Energy prices and commodities, generally, continue to participate in the volatile environment gripping global financial markets. It is an open question whether or nor crude oil can now maintain triple-digit levels. It was pretty clear, yesterday, that wholesale liquidation was occurring across all markets.
Crude oil prices fell more than $10 per barrel and gasoline prices were down more than twenty cents – a silver lining to this economic mess. Harbingers of economic malaise abounded in the commodity space: copper broke under $3 per pound, corn was down, and even cotton was limit down (a circuit breaker), at one point. Are folks going to stop buying Levis?
As far as energy prices holding up, in general, it’s becoming a difficult case to make. If there is a last shoe to drop to engender a steeper sell-off for energy prices, it will be a real contraction in Asian demand. With European financial institutions now fully engulfed in the financial crisis with their US brethren, it is difficult to envisage China, in particular, going it alone, along a path of the type of economic growth it has enjoyed over the past several years.
The major downside target for crude oil is the area around $86 per barrel, which, in technical trading terms, relates to the double-bottom set in January and February, earlier this year. However, to the extent the overall economic situation stabilizes, crude oil is likely to trade several dollars either side of the century mark. (Kilduff discusses recent market moves in the video)
Investors looking for a safe haven should look to natural gas and natural gas companies, as prices for gas have been relatively stable, and they appear to have achieved significant support at the $7 level. Occidental Petroleum got beat up pretty badly, yesterday, and EOG Resources are two that should benefit from the relative price stability of natural gas and the emerging winter heating demand that is just around the corner.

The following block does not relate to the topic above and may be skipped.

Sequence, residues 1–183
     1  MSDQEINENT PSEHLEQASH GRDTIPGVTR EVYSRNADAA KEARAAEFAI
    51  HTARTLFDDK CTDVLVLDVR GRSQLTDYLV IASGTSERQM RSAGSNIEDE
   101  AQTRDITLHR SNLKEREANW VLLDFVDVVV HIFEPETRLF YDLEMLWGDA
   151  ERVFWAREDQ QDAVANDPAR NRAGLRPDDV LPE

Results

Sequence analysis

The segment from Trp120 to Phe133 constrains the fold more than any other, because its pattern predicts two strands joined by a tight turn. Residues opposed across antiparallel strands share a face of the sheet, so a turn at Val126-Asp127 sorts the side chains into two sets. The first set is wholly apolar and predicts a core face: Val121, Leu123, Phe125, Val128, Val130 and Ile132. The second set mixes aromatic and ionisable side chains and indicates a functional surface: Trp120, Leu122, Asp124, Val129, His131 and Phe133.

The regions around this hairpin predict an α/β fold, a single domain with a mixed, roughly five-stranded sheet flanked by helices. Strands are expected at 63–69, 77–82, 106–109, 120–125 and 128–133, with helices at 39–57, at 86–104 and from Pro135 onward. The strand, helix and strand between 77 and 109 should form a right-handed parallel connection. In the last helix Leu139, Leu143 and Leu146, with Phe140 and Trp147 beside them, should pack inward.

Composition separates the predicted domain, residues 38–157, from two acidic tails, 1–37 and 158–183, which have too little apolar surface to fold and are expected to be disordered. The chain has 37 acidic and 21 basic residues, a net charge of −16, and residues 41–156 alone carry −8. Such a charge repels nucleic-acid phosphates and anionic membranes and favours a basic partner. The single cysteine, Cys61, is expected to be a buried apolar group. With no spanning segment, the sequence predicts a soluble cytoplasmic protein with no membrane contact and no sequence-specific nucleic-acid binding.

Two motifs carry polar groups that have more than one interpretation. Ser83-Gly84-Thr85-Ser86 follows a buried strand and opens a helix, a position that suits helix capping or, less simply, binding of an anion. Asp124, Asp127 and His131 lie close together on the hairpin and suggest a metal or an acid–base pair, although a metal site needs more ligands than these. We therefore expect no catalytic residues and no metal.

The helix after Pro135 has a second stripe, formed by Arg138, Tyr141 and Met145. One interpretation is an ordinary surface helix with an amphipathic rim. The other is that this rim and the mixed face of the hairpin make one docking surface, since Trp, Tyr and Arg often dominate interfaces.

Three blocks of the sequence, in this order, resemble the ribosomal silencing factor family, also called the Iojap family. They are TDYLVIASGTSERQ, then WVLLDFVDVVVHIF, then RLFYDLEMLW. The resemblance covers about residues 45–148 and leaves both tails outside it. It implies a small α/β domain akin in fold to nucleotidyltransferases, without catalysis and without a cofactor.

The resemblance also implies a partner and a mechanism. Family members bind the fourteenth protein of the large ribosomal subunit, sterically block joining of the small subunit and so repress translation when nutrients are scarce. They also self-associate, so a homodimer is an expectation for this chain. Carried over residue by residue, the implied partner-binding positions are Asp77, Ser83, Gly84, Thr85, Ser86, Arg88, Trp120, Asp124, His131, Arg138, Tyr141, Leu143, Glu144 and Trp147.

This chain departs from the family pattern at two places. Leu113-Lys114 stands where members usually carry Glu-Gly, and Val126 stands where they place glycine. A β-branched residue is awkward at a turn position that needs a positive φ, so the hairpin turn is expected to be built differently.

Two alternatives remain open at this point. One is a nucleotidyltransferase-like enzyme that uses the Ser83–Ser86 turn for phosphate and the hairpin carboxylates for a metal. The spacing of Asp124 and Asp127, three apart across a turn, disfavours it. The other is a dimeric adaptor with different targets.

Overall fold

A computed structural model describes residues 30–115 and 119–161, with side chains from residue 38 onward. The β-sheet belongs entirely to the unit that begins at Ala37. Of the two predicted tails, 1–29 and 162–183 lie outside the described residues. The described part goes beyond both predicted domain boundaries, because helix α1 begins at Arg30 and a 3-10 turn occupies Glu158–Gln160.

The energy crisis has been pushed to the back burner–pardon the pun–by the financial market concerns and yesterday’s dramatic failure of leadership on Capitol Hill. The credit fears represent a tide that is sinking all boats. The inter-connection between commodity markets, currency markets, bonds, and equities is stark. But it was not always this way. I do not know, if we will ever return to the days of basic fundamental analysis ruling commodity price direction, but the valuation of many companies in the energy sector are factoring in a substantial discount to current and even much lower levels.
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As things rebound down the road, energy demand will be an early indicator and energy stocks should reflect this re-emergence. As you decide where to invest in the aftermath of this tumult, take hard look at battered energy names, which have a portfolio of producing assets close to home or with business lines that stretch into Asia.
For someone that has been around since before the stock market crash in 1987, I believe we will come through this situation. There has been a large wringing out of excesses, as we have now witnessed the demise of many storied firms. There will also be new leadership in the White House come January, whomever you support, it cannot come any sooner. Also, Congress will have much greater will, after the November elections to tackle the problems that face our economy. They cannot come any sooner, either.
John P. Kilduff Senior Vice President Of Energy at MF Global Ltd. He's also a CNBC contributor.